Metropolitan News-Enterprise


Thursday, January 23, 2003


Page 14



George Putnam: Superstar of Local Television




No one in the history of Los Angeles television had the clout that George Putnam did. He toppled a mayor —Norris Poulson—even though he was working for a station owned by the Times-Mirror Company, whose two daily newspapers were backing the incumbent.

During the primary in 1961, Putnam was pulling for either Sam Yorty, a former assemblyman and congressman, or Pat McGee, a member of the City Council and former assemblyman. McGee was given a bit of airtime on Putnam’s show (taking less than was offered); Yorty appeared, night after night, to deliver a pitch. After Yorty got in the run-off with Poulson, Putnam was his on-air champion. In essence, he crowned him.



George Putnam, as seen on cover of April 21-27, 1956 issue of TV-Radio Life



Putnam (attired in his suit from sponsor Bond Clothing, for which he delivered spiels) would end his 15-minute 6:45 p.m. newscast/commentary by intoning, theatrically:

“And that’s the up-to-the-minute news; up to the minute, that’s all the news. [Extending his right arm backward toward the American flag:] Here’s to a better, stronger America. See you at 10, [saluting the audience] see you then.”

I remember once during the 1961 election that he varied the sign-off, booming, “Here’s to a better, stronger America—and a cleaner Los Angeles, California!”

Here was a reporter who openly eschewed objectivity.

Can you imagine a TV anchor nowadays being allowed to make an endorsement in the race for district attorney? When appointed D.A. William B. McKesson sought election to a full term in 1956, Putnam told viewers:

“Many of you have asked where I stand in the race for Los Angeles district attorney. I stand for Los Angeles District Attorney William B. McKesson.”

And he then ticked off his reasons.

Putnam was accorded extraordinary latitude. His immense popularity apparently caused Times-Mirror to shut its eyes to the fact that on Putnam’s show, the line between news reporting and propagandizing was thin, if it existed at all.

And yet, it wasn’t easy for Putnam to get on the air in Los Angeles.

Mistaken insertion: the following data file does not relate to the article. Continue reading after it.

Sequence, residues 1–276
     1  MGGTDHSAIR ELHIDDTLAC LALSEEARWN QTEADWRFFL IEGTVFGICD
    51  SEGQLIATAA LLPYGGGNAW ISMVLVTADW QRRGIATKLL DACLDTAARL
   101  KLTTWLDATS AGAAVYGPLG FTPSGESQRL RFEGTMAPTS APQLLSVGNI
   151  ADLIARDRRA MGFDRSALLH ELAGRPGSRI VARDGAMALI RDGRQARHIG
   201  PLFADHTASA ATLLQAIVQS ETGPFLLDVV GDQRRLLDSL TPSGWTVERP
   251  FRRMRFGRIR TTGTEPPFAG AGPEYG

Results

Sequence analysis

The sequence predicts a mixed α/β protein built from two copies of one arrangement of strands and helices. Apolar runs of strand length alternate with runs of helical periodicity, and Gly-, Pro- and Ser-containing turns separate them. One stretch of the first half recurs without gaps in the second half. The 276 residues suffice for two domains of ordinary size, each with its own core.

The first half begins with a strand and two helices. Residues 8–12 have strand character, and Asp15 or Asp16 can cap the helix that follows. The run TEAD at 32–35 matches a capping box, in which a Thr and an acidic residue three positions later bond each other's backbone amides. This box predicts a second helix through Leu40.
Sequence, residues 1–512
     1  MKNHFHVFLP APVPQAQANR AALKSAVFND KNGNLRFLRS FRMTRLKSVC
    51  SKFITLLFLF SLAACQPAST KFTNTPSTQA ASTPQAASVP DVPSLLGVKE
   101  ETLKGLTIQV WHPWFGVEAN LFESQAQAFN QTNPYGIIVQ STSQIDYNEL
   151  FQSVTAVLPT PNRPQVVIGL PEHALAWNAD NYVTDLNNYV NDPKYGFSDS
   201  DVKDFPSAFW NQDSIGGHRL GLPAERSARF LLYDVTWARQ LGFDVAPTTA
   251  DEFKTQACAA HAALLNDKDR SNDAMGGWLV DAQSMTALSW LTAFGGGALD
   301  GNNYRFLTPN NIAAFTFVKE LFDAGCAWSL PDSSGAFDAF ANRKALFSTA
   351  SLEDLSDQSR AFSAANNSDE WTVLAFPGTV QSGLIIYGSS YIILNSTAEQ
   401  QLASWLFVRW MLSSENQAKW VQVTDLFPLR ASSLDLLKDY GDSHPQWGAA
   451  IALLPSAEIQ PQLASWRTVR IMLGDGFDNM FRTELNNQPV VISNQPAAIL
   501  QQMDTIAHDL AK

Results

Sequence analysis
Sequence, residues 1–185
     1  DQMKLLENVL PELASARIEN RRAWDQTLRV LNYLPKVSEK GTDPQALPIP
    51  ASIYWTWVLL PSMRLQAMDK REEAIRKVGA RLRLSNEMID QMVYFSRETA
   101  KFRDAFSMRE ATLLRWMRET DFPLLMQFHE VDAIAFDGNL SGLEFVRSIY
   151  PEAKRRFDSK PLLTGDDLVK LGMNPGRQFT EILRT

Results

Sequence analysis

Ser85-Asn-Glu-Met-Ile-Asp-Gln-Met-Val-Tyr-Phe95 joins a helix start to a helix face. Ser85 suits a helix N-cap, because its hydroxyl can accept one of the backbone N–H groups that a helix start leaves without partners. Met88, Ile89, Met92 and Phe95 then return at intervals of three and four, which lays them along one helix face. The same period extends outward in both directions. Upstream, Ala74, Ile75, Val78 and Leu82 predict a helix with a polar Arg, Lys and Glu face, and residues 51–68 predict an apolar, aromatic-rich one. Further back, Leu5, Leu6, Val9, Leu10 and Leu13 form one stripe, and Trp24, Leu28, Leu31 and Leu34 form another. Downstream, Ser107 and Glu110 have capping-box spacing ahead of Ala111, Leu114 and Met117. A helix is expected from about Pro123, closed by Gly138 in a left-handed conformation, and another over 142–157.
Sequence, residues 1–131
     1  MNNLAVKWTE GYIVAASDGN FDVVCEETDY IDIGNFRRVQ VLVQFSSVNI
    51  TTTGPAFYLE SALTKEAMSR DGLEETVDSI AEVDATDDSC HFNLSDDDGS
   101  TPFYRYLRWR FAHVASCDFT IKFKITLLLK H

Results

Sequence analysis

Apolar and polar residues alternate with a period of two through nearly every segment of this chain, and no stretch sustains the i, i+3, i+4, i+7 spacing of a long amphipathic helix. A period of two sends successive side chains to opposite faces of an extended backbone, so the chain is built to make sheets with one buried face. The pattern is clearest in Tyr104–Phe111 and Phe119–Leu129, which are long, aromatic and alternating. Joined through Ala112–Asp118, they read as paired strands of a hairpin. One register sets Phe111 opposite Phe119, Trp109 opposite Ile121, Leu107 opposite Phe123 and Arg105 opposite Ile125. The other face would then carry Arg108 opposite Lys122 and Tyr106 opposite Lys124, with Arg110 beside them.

He had been a broadcaster since 1934. His first job, which he landed his 20th birthday (July 19), was at a 1,000-watt radio station in Minneapolis, Minn.

(The fictional Ted Baxter of the “Mary Tyler Moore Show”—patterned partially after Putnam and inspired also by the late Jerry Dunphy—recounted often his start at a 1,000-watt radio station. Baxter worked at WJM, a TV station in Minneapolis, but began at a radio station in California; Putnam began in Minneapolis radio but wound up on television in California.)

Putnam first appeared on television in 1939, back in the medium’s experimental era. But primarily, Putnam was a radio newscaster in his early days—on NBC, on the Mutual Broadcasting System, and even the BBC. Walter Winchell once wrote in his “colyum”: “George Putnam’s voice is the greatest in radio.” Putnam has credited that plug with having made his career.

The newscaster landed a job with the Du Mont television network in about 1948, writing and delivering six commentaries a week on half-hour shows emanating from New York.

Clearly, he was going places—but then was stopped in his tracks.

“Putnam himself lapped up the excitement of it all to the extent of winding up heavily in debt and embroiled in an unfortunate marriage,” an article in the May 28, 1954 issue of TV Guide recounted. “Before he quite knew what had happened, he found himself not only out of a job but all doors closed to him.”

Virtually penniless, he got in his car, drove to Los Angeles, and went from station to station looking for work. As TV Guide told it:

“Finally, late in 1951, KTTV came up with an opening and Putnam talked his way into it. He’s been there ever since, the highest-rated newsman in Los Angeles and happy as a hard-hitting rookie at batting practice.”

Throughout the 1950s, Putnam was L.A.’s “celebrity” newscaster. 

A TV Guide article in 1955 reported that a network almost snatched Putnam from KTTV, but that the station was able to keep him after it “came through with a considerably revised contract.”

More about G.P. next week.


Copyright 2003, Metropolitan News Company


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